Christmas on the Poverty Line, Channel 5, TV review: Danni and Darren blew a whole £1,200 on their offspring

These children get called ‘dossers’ and ‘skanks’ by their wealthier school counterparts

Sean O'Grady
Thursday 17 December 2015 23:39
Festive frugality: preparing dinner in ‘Christmas on the Poverty Line’
Festive frugality: preparing dinner in ‘Christmas on the Poverty Line’

The Victorians had Dickens to chronicle the plight of the poor at Christmas; we have to make do with Channel 5. Actually that sounds a bit ungrateful, like some spoilt kid who’s been denied their favourite new gadget on Christmas morning and gets a banana instead, and then goes into a massive sulk (never me, promise).

Is it possible for a country to feel proud of those of its citizens “on benefits” as the ugly phrase goes? Yes, if Channel 5’s Christmas on the Poverty Line, an account of families at the bottom of Britain’s Christmas pile, is anything to go by. What was striking was how the various households, from Lancashire to Cornwall, coped with being skint; all with determination, dignity and remarkable spirit. They got on with it. OK, some borrowed and spent too much, even by their own children’s account, on Christmas, but the selflessness was arguably all the greater for the financial danger these parents knew they were getting into. The likeable Danni and Darren Truscott, from St Austell, blew a whole £1,200 on their offspring, most of it on tick. They’re now “consolidating their debts”.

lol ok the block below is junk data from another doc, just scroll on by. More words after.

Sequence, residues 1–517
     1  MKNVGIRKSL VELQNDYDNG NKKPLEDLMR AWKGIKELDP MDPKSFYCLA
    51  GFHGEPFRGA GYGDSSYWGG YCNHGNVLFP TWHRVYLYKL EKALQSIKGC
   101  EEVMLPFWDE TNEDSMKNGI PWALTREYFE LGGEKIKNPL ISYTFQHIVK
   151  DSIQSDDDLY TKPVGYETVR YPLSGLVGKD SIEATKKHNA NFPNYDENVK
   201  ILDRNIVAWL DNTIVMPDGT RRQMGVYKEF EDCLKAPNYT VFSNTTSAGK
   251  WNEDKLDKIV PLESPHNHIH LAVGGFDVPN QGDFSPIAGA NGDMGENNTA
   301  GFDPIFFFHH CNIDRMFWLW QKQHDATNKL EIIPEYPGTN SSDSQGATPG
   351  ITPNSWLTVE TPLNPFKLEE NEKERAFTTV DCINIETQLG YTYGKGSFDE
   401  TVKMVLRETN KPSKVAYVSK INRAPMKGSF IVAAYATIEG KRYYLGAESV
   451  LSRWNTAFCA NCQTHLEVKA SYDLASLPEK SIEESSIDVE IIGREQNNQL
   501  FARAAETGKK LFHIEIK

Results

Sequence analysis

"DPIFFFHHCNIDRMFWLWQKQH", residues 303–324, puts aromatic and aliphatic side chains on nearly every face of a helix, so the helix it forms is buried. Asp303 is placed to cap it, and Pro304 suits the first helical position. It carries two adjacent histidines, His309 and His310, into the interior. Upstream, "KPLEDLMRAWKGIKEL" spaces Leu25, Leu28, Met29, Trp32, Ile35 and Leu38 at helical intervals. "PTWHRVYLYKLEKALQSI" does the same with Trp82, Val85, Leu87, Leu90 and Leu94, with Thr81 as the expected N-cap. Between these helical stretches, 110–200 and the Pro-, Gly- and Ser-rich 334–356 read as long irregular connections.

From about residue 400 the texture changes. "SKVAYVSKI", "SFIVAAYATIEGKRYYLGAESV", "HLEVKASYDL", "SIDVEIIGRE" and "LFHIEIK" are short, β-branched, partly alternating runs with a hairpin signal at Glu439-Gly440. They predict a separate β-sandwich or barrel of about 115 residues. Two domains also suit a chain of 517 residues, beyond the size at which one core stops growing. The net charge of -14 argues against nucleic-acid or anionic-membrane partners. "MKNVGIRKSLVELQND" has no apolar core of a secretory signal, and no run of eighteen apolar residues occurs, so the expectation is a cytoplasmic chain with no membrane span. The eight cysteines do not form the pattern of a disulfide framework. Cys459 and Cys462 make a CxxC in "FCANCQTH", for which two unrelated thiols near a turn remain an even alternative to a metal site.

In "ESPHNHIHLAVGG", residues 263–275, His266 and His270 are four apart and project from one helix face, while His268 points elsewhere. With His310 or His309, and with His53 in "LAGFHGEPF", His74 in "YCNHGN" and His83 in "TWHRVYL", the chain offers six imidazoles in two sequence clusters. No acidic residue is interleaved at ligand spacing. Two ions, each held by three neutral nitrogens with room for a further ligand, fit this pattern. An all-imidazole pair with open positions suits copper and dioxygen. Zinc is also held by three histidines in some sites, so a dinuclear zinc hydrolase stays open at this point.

Contrast, and perspective, was provided by Karen, who had a perfectly comfortable lower-middle-class lifestyle before ill-health robbed of her job and her security. And how fragile the membrane between normality and poverty can be. Her housing benefit doesn’t cover the rent, and she is obviously and bravely struggling to hold things together. For her, her new status as unemployed “stopped me from being judgemental, ’cause now I’m on of them”. Her answer was, not to put too fine a point on it, to beg, and she was distressed by it, as anyone watching was too.

Her plaintive email for a Christmas hamper someone had offered up online was as sad as anything in a Victorian novel, but without the respite of any Dickensian humour. What she did have was some supportive neighbours who gathered some presents for her and her children. A modest modern Christmas Carol.

Most admirable was Karla, whose surname was not Micawber, but should have been. She refused to get into debt to fund her £210 Christmas budget, carefully husbanded from savings and doing without for the rest of the year. Her children, especially Kayley, 12, were mature and understanding beyond their years, and extremely well turned out, if that doesn’t sound too condescending. Through no fault of their own, these children get called “dossers”, “skanks” and “tramps” by their wealthier counterparts at school, just because they haven’t got the latest Nikes.

I would like to think that this show is a sign that the media demonisation of the poor might be easing off, but I fear this is just a Christmas truce.

Confession: I’ve always wanted to host an Alan Partridge-style “Bondathon”, in which the whole canon of movies is consumed end to end in strict chronological order. But I’ve never quite had the nerve to do so (has anyone, I wonder?). Or the time.

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